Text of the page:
This website uses cookies primarily for visitor analytics. Certain pages will ask you to fill in contact details to receive additional information. On these pages you have the option of having the site log your details for future visits. Indicating you want the site to remember your details will place a cookie on your device. To view our full cookie policy, please click here. You can also view it at any time by going to our Contact Us page.

Meeting fault masking standards using trapped keys

02 December 2014

The phenomenon of fault masking (unintended resetting) when connecting multiple volt-free contacts in series into a safety monitoring device is now covered in EN ISO 14119. Rob Lewis describes the options that are available to prevent fault masking.

Four locks mechanically linked to a single force break switch with dual, normally closed contacts. These contacts cannot be closed until all keys are returned to the unit, and it is impossible to remove a key without breaking the contacts

In simple terms, if gate switches are wired in series, then it is still possible to reset the safety circuit even after a short circuit has occurred on one part of the circuit, as one of the other gate switches can still open both circuits allowing the fault to be cleared from the safety relay/PLC.

The effect is so pronounced that for a system with more than one frequently opened guard, the level of Diagnostic Coverage (DC) falls to zero, resulting in a performance level (PL) reduction to a maximum of PLc. To prevent this reduction in PL, there are three solutions:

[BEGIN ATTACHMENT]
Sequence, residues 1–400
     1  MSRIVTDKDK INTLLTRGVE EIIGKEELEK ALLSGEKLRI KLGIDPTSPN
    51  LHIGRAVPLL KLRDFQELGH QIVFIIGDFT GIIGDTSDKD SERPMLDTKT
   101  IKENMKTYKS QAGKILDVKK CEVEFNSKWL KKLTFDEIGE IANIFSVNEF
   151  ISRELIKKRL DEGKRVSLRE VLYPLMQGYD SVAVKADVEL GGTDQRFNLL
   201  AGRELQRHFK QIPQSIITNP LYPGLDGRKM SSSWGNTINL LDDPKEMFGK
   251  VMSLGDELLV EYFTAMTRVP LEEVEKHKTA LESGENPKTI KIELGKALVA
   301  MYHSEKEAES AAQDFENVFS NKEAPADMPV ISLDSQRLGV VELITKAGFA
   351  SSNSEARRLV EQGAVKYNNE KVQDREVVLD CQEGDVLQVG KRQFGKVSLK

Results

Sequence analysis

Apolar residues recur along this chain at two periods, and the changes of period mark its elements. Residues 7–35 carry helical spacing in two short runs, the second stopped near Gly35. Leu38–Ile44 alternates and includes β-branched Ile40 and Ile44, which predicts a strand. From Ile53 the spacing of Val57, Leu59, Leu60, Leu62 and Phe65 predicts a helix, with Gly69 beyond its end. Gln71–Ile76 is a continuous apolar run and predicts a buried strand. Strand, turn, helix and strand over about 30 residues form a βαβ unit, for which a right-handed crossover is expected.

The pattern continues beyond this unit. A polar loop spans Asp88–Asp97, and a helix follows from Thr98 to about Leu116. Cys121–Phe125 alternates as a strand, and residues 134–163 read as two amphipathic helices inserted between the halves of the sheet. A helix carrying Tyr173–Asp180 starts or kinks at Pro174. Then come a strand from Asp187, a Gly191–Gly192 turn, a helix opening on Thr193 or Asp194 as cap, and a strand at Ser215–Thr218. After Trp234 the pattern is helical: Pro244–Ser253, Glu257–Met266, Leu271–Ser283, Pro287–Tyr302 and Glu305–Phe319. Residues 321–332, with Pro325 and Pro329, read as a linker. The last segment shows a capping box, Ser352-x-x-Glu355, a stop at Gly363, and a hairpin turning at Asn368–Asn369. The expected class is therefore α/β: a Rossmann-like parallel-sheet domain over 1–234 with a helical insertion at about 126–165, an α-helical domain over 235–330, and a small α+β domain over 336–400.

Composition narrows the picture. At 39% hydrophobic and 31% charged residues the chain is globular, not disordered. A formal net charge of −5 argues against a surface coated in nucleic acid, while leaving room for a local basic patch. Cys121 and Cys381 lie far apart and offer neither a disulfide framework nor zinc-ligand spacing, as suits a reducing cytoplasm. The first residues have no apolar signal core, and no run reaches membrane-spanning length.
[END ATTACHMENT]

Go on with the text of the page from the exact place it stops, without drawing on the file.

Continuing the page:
- Do not use series wiring (daisy chain wiring); instead use a safety relay for every interlock.
- Use interlocks that incorporate built-in diagnostics or network diagnostics.
- Use a trapped key interlock system that can open multiple doors from just one switch.

The first two of these options come with quite a cost impact, so how can a trapped key configuration overcome the issue?

The trapped key option
The principle of using trapped keys to open multiple doors is shown in the illustration. In this example, four locks are mechanically linked to a single force break switch with dual, normally closed, contacts. These contacts cannot be closed until all keys are returned to the unit and, in reverse, it is impossible to remove a single key without breaking the contacts.

Once the keys are released they go to the four door locks. Only with the key in the door lock can you open the door and, with the door open, the key is trapped in the lock (and so unable to return to the switch unit). As there is only one set of safety contacts, there is no risk of fault masking and only one set of safety I/O is required to cover the whole cell.

Another benefit of this system is that the switch can be mounted wherever it is most convenient to do so (not necessarily at the door), allowing the unit to be mounted at the main control panel, significantly reducing wiring costs. 

In my opinion, a trapped key interlock system is ideal in meeting fault masking standards set out in EN ISO 14119. It has advantages over using safety relays, or incorporating built-in diagnostics, in that it saves on the number of safety I/O required and results in large savings in wiring costs. 

Fortress Interlocks has been at the forefront of safety interlocking for over forty years. The company's mGard range is the only trapped key product with TUV approval to PLe.

Rob Lewis is managing director of Fortress Interlocks

Contact Details and Archive...

Print this page | E-mail this page